It was all one big, practical joke.
I was all prepared for a writing extravaganza. Three days off from work, the first of which just so happened to be November 15, marking exactly nine months since I started my story. I sort of view it like an anniversary, and try to devote myself more to my writing as if that day is sacred.
But that sacred day went by with barely a single word written. It was just your average day of staring at the blank page. It was disappointing for sure, but what made it particularly frustrating was that I desperately wanted to write something. I felt that physical pull, the restless sort of itch that you feel in your gut, your brain, your fingers when you want the words to spill out. But there wasn’t a single idea that I could latch onto. I’ve often thought about taking a break from my book, but decided the effort would be useless because I wouldn’t be able to stop thinking about it and the separation would only break my heart.
So I went to bed early, planning to get up early and spend the whole day brainstorming, outlining, reading—whatever was going to get the ideas flowing.
Enter problem number two. I couldn’t sleep that night. Why exactly? Too many ideas. I don’t know what got me thinking about it in the first place. I always brainstorm before falling asleep, but for some reason this time was different. I’ve always thought to myself that I’d love to write a sequel some day, if I could come up with a good enough idea, one that could stand up to the original. Nothing so far was ever good enough, but I always envision different outcomes for my characters just to see what could happen to them.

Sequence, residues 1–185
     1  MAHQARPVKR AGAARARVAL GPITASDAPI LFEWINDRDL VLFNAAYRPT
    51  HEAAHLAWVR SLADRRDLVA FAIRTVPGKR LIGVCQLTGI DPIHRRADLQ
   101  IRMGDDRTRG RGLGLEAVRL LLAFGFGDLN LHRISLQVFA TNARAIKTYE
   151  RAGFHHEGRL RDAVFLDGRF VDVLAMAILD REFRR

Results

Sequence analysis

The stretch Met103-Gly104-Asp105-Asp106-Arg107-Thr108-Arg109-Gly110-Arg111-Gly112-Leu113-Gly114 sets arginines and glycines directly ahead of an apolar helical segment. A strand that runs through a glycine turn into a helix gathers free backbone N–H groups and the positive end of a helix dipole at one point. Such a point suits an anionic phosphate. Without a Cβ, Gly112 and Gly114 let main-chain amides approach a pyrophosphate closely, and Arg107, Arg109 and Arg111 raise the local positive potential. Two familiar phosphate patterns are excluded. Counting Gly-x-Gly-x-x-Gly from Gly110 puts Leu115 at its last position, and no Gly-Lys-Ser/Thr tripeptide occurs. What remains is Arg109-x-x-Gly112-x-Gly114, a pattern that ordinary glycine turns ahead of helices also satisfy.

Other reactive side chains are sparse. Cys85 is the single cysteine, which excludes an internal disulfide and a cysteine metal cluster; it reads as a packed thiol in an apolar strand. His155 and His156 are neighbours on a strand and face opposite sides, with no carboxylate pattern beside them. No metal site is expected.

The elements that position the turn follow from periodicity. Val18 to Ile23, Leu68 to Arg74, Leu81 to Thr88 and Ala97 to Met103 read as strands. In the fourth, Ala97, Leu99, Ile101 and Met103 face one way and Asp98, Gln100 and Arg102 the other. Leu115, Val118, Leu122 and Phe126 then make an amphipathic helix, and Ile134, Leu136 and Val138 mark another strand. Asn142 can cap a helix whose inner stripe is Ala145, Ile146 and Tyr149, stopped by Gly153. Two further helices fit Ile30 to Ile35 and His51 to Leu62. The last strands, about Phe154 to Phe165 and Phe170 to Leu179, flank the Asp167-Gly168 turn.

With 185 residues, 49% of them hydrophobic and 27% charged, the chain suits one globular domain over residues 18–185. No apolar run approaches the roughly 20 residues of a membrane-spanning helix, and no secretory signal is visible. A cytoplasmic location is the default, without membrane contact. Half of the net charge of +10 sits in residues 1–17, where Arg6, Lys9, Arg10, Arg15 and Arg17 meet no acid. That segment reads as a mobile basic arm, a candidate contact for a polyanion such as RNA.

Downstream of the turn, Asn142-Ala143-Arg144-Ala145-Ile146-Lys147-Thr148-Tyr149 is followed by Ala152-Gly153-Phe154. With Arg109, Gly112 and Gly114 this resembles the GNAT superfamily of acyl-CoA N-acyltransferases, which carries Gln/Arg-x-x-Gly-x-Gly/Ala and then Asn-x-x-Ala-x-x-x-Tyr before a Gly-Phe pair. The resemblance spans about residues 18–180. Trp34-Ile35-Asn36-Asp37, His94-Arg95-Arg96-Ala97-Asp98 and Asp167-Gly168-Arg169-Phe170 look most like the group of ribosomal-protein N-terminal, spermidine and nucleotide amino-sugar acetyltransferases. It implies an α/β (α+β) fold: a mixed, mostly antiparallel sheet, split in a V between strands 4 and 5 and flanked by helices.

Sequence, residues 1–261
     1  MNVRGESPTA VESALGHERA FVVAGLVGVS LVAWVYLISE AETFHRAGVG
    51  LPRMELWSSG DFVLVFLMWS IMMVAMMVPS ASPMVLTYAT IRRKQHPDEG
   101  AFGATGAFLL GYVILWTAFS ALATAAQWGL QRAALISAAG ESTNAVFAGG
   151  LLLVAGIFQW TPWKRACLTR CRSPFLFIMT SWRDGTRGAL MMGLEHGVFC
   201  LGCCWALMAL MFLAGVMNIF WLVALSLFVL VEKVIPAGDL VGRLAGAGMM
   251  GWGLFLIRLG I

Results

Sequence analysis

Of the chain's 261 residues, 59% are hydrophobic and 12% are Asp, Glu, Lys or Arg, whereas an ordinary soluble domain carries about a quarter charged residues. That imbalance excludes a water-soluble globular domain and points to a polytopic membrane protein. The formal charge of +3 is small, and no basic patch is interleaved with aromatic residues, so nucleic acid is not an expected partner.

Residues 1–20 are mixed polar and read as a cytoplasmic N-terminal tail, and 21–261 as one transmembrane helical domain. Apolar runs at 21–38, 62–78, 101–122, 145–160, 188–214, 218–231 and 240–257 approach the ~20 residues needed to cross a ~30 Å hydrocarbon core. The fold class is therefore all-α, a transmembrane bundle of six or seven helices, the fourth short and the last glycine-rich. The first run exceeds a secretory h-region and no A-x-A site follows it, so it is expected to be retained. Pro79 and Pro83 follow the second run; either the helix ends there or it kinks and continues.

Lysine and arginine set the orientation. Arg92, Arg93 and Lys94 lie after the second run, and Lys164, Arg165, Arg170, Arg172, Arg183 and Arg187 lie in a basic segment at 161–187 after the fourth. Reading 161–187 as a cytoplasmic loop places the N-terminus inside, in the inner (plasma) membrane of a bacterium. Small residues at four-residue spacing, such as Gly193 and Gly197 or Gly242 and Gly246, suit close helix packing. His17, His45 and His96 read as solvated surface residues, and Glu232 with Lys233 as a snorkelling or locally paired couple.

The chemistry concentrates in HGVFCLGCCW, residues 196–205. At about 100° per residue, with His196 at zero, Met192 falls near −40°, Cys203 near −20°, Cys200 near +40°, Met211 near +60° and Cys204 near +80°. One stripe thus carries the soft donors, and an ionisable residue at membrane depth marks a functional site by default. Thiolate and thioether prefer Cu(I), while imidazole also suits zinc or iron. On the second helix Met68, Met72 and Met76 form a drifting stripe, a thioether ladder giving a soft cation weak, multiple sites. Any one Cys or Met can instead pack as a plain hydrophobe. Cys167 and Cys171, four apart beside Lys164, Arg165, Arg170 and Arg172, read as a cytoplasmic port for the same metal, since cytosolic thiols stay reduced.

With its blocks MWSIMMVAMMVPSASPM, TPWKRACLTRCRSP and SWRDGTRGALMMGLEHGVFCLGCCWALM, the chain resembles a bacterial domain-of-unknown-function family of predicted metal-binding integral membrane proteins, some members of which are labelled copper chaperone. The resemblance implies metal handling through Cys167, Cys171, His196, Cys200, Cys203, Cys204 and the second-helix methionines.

For some reason, every idea was suddenly falling into place. I finally liked this particular future and it made sense. So I couldn’t stop thinking about it.
I wasn’t really planning on writing any of it, just picturing it in my head for a little while as a sort of indulgence. But when you start picturing characters, they start talking. And sometimes those words are too good to let slip away.
“Ok,” I told myself, “just one scene of dialogue and that’s it.” But one scene led to another and another, and soon I couldn’t stop myself. I was cracking myself up with the one-liners, getting turned on by the sexy parts. It was like the beast could not be contained. And I realized something—haven’t I felt this exact way before?
Yes, I had. Exactly nine months ago, when this whole crazy thing started.
Son of a bitch, the muse got me. He played a trick on me and was laughing his ass off in the corner of my mind. I had lost a day of writing, lost a night of sleep, and in my attempts to write something different only made the bond with my character stronger. It was like being in some abusive relationship where I try to leave and he just laughs and says, "you can never leave!" But then I realize that I never wanted to leave in the first place.
I don’t know how long this reignited passion will last. Maybe by indulging my sequel fantasies I can somehow keep it alive. Or maybe just doing the unexpected.